(ii) If the inspection was done before the effective date of this AD: Submit the report within 30 days after the effective date of this AD.

(i) Credit for Previous Actions

(1) This paragraph provides credit for the actions specified in paragraph (4) of EASA AD 2017-0134R2, if those actions were performed before the effective date of this AD using Airbus Helicopters Emergency Alert Service Bulletin AS332 ASB 63.00.83 or EC225 ASB 63A030, both Revision 1, both dated October 7, 2016.

(2) Corrective action(s) for the inspections required by paragraphs (8) and (10) of EASA AD 2017-0134R2 accomplished on a helicopter before the effective date of this AD, in accordance with Paragraph 3.B. and Appendix 4.A. of the Accomplishment Instructions of the applicable Airbus Helicopters service information specified in paragraphs (i)(2)(i) through (viii) of this AD, as applicable, are acceptable to comply with the requirements of paragraph (11) of EASA AD 2017-0134R2 for that helicopter, but only for the corrective actions for the inspections required by paragraphs (8) and (10) of EASA AD 2017-0134R2.

(i) Emergency Alert Service Bulletin AS332 ASB 05.01.07, Revision 2, dated October 7, 2016.

(ii) Emergency Alert Service Bulletin AS332 ASB 05.01.07, Revision 3, dated February 25, 2017.

(iii) Emergency Alert Service Bulletin AS332 ASB 05.01.07, Revision 4, dated March 17, 2017.

(iv) Emergency Alert Service Bulletin AS332 ASB 05.01.07, Revision 5, dated June 23, 2017.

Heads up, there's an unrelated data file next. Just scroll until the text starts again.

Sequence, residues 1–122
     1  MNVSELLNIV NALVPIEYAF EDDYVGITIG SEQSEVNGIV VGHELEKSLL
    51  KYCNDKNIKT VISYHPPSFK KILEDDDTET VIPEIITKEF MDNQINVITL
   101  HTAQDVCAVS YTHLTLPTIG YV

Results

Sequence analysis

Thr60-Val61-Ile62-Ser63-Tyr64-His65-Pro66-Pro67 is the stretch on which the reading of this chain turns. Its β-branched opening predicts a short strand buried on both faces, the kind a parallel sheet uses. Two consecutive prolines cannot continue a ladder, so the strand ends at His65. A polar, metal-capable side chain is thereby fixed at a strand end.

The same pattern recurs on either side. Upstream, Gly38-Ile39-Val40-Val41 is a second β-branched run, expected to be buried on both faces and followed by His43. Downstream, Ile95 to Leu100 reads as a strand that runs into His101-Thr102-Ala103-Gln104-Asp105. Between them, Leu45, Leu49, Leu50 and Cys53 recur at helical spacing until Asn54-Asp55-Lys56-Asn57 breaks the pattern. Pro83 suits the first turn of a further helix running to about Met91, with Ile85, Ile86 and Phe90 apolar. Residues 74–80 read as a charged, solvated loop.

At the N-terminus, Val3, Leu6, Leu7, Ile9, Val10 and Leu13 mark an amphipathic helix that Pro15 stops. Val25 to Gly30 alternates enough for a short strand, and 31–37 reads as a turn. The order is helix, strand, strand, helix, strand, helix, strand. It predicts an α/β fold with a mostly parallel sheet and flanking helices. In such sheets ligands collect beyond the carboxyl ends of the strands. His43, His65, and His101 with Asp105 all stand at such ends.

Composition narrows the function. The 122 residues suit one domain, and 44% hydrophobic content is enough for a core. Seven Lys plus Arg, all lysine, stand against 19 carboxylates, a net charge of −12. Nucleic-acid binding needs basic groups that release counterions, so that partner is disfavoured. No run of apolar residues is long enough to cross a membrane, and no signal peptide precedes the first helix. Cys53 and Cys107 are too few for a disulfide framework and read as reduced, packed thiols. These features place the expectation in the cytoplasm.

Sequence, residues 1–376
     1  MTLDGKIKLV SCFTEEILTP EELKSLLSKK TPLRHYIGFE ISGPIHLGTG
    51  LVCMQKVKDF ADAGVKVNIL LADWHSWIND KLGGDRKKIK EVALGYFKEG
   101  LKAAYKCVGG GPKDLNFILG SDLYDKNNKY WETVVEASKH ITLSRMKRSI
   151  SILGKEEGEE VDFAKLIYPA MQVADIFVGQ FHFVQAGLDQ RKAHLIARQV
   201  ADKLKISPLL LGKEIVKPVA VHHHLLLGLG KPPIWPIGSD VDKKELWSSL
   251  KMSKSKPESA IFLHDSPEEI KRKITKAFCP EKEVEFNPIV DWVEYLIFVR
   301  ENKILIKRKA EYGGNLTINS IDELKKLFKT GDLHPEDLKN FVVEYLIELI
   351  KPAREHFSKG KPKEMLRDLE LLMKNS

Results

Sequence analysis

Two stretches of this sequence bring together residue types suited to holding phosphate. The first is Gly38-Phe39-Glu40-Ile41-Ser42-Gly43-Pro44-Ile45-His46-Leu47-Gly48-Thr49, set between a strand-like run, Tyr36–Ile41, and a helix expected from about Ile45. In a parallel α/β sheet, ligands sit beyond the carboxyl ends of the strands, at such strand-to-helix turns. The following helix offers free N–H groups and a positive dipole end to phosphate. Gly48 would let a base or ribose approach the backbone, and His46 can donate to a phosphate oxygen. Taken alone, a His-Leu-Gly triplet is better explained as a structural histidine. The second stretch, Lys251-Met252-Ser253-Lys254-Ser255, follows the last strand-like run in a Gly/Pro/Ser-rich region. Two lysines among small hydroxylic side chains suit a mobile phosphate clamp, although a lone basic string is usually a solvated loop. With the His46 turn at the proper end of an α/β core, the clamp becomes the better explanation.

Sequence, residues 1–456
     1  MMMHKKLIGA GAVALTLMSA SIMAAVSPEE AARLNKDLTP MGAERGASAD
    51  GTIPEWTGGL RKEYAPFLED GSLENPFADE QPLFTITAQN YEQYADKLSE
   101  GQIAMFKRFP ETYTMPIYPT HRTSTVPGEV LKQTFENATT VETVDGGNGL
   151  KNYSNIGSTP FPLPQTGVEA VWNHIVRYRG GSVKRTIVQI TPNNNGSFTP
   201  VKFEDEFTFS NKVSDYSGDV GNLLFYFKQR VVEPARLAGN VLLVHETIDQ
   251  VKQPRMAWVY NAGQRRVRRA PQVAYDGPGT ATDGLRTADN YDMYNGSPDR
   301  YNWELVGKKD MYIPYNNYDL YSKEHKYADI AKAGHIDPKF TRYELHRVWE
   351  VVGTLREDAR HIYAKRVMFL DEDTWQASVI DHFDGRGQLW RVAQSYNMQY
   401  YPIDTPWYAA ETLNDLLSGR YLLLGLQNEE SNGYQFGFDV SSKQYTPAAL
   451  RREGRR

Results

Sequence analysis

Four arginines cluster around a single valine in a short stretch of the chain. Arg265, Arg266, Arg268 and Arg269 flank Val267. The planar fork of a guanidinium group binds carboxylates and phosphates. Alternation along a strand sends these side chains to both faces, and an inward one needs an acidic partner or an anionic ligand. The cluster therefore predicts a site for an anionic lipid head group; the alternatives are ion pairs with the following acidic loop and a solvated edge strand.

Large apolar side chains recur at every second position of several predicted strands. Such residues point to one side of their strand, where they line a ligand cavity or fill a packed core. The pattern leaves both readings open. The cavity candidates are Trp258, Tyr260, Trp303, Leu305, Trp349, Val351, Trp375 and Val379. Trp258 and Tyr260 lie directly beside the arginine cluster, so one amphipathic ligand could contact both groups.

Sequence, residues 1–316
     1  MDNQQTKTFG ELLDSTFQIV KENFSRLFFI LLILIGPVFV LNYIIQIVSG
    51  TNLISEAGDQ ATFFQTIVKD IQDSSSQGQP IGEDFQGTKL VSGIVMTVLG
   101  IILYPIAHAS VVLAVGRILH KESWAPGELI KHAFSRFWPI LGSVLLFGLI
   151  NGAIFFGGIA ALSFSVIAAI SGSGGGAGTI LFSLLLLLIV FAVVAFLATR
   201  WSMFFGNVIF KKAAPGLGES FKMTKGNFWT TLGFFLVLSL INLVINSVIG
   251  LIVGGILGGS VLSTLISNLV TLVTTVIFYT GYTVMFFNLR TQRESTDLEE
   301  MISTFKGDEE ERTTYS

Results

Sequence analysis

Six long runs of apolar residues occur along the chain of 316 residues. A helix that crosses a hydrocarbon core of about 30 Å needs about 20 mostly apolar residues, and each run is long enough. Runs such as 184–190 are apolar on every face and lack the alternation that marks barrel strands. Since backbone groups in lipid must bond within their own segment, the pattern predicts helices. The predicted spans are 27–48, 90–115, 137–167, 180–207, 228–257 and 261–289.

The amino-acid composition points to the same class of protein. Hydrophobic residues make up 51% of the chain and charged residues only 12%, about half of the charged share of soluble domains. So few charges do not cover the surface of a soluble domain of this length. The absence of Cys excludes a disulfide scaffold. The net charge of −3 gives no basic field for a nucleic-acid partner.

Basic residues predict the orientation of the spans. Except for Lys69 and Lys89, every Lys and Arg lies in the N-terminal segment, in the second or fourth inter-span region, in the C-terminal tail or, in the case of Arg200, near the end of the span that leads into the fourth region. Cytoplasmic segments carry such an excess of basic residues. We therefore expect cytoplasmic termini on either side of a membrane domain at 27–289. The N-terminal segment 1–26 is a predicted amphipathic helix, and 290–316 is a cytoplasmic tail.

(v) Emergency Alert Service Bulletin EC225 05A049, Revision 2, dated October 7, 2016.

(vi) Emergency Alert Service Bulletin EC225 05A049, Revision 3, dated February 25, 2017.

(vii) Emergency Alert Service Bulletin EC225 05A049, Revision 4, dated March 17, 2017.

(viii) Emergency Alert Service Bulletin EC225 05A049, Revision 5, dated June 23, 2017.

(j) Special Flight Permit

Special flight permits, as described in 14 CFR 21.197 and 21.199, are prohibited.

(k) Alternative Methods of Compliance (AMOCs)

(1) The Manager, International Validation Branch, FAA, has the authority to approve AMOCs for this AD, if requested using the procedures found in 14 CFR 39.19. In accordance with 14 CFR 39.19, send your request to your principal inspector or local Flight Standards District Office, as appropriate. If sending information directly to the manager of the International Validation Start Printed Page 29216Branch, send it to the attention of the person identified in paragraph (l)(2) of this AD. Information may be emailed to: 9-AVS-AIR-730-AMOC@faa.gov.

(2) Before using any approved AMOC, notify your appropriate principal inspector, or lacking a principal inspector, the manager of the local flight standards district office/certificate holding district office.

(l) Related Information

(1) For EASA AD 2017-1034R2, contact the EASA, Konrad-Adenauer-Ufer 3, 50668 Cologne, Germany; telephone +49 221 8999 000; email ADs@easa.europa.eu; internet www.easa.europa.eu. You may find this EASA AD on the EASA website at https://ad.easa.europa.eu. You may view this material at the FAA, Office of the Regional Counsel, Southwest Region, 10101 Hillwood Pkwy., Room 6N-321, Fort Worth, TX 76177. For information on the availability of this material at the FAA, call 817-222-5110. This material may be found in the AD docket on the internet at https://www.regulations.gov by searching for and locating Docket No. FAA-2021-0379.

(2) For more information about this AD, contact Mahmood Shah, Aviation Safety Engineer, Fort Worth ACO Branch, FAA, 10101 Hillwood Pkwy., Fort Worth, TX 76177; telephone 817-222-5538; email mahmood.g.shah@faa.gov.

Start Signature

Issued on May 21, 2021.

Gaetano A. Sciortino,

Deputy Director for Strategic Initiatives, Compliance & Airworthiness Division, Aircraft Certification Service.

End Signature End Supplemental Information

[FR Doc. 2021-11376 Filed 5-28-21; 8:45 am]